“Ease of entry and useful interior storage, including space for a purse, are elements that make vehicles especially attractive to women,” states Brigid O’Kane, a design professor and coordinator of the Transportation Design Track program at the University of Cincinnati.

• To create a distinctive look, women wear jewelry, high-end fashion and expensive handbags rather than cars while men create an image of wealth and influence by the cars they “wear”.

• Buying used vs. buying new: While men are most likely to buy used vehicles if they can’t buy the flashy new one, women are prone to settle for a new affordable car rather than their dream model.

• In general, men are more willing to sacrifice a smooth ride for sharp handling than women or to overlook an impractical cargo arrangement for an engine more pep, experts say.

• Strategic Vision’s new-vehicle experience study shows that 31 percent of men said driving is one of their favorite things to do, while only 18 percent of women said the same.

• According to the experts, SUVs with a “big and powerful” look resonates with men, while small, inexpensive vehicles are preferred by women.

So now you’ve got clues on what vehicles most men and women want. These studies and indicators fairly explain what vehicles both sexes prefer to drive or “wear.”

Thursday, October 2, 2008

How to prepare your vehicle for cross-country road trips

John and Helen Taylor, the famous Aussie couple who broke the Guinness World Record in 2006 for fuel efficiency successfully circled the globe using only 24 tanks of gasoline while averaging an amazing 52.3 mpg.

Similarly, there has been a trend of cross-country road trips among the young and old.

Call it challenge or madness; more people know how to have a great sense of thrill and adventure.

Are you planning to go on a cross-country road trip yourself?
Before you to take part in that daring quest, while increasing your “cool factor” enormously, you will need to follow these essential tips:

At least three weeks before you go:

1. Plan Your Journey.
Plan your route, keeping in mind rush hour situations where possible. Check the map before leaving or make sure the portable GPS navigator (if you have one) works so you can be more fluid on your trip. Avoid getting lost and unnecessary stops as it burns a lot of fuel.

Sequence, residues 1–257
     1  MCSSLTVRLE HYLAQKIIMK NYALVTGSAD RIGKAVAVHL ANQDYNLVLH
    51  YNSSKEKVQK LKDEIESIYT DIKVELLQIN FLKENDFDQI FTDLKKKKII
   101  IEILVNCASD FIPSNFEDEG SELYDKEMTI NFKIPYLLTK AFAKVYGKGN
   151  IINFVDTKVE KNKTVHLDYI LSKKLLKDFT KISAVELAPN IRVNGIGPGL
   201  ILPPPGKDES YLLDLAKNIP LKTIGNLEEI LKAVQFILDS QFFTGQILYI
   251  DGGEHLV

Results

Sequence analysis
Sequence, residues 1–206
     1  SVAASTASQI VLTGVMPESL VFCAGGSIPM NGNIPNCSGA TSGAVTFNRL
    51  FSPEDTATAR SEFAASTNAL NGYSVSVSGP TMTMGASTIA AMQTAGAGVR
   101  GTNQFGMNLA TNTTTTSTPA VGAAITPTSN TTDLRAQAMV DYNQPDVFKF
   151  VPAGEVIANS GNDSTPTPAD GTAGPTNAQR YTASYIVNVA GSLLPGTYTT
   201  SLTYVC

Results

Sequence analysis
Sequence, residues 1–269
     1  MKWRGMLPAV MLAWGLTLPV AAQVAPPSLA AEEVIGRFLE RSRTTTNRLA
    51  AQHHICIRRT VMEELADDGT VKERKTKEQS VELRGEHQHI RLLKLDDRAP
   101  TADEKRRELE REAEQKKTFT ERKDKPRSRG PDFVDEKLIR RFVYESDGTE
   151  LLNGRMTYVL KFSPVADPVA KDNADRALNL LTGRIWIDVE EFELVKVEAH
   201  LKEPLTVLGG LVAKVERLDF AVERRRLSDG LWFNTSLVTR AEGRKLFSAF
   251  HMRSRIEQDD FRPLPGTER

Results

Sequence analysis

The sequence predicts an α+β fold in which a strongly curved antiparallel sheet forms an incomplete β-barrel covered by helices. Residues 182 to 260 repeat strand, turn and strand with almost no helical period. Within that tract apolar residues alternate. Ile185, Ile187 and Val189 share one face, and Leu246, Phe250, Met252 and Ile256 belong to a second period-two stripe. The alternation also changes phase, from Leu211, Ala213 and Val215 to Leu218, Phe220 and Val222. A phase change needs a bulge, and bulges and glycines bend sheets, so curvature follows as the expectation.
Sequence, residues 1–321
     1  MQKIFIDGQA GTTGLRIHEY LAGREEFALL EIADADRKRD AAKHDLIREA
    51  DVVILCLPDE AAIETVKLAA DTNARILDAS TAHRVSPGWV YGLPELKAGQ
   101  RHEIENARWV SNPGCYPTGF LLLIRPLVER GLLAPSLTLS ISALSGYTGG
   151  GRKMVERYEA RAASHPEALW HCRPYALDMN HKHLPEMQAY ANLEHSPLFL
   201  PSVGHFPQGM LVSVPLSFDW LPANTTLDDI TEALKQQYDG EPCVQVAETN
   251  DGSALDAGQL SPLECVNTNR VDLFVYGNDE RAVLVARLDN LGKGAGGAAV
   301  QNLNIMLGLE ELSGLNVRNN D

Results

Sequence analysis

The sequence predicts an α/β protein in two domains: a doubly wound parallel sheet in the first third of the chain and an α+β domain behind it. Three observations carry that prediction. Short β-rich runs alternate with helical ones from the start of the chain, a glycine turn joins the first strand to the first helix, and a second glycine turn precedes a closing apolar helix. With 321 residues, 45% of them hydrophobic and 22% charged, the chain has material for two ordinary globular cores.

2. Have your car checked for repairs/maintenance.

3. Tune in your engine.
This will improve fuel economy on your vehicle by about 4%.

4. Check vehicle fluids.
Coolant – flush the cooling system and replace coolant.
Oil – use the recommended motor oil to improve fuel efficiency.
Break fluid – Make sure the fluid reaches the full line of the master cylinder.

5. Look for any leaks.

6. Check the battery.
Clean the top surface with a rag or fresh water before you remove the vent caps. The fluid level should be just below the bottom of the vent hole, level with the filler ring, for each cell.

7. Check the belts.
Replace belt if it is cracked or can be easily pushed more than 1 inch.

8. Check the AC and heater.
Check if all heater fans turn on. If moist air is coming from the vents with antifreeze smell, while the windows become foggy when the heater is turned on, there may be a leak. If your vehicle has rear air-conditioning unit, test it as well.

9. Check the tires.
Are they inflated enough? Tires with pressure too low can cause heat buildup which leads to a blowout at high speeds. To check the tire pressure, use a tire gauge. The tires may become low as the temperature drops because air contracts with cold. It is also best to make sure you have a spare tire that has been fully-inflated with the appropriate tools needed. Don’t risk driving without the jack, tire wrench and lock-nut adapter (if your vehicle has wheel locks); you never know what could happen.

10. Check the glove box / glove compartment.
Make sure you have your owner’s manual and vehicle registration. If your manual is missing, search the internet for automakers with pdf manuals in their sites. If you are travelling in the US and have a roadside assistance program such as AAA, make sure to bring the card (or your member number) along.

At least 5 days before you go, you must do the following checks:

1. Recheck for any scheduled maintenance.

2. Recheck the tires.

3. Wash and clean your vehicle.
Get rid of useless equipment; you don’t need to bring the whole apartment/house with you. Useless objects mean more fuel to burn and more money wasted on the junk you don’t need. Vacuum, wash and scrub your vehicle like there’s no tomorrow. Nobody wants to travel long in a smelly, crappy and filthy car. Every extra 100 lbs (45 kg) you carry can drop fuel efficiency by 1-2%. So keep your boot or back seat clear of unnecessary items.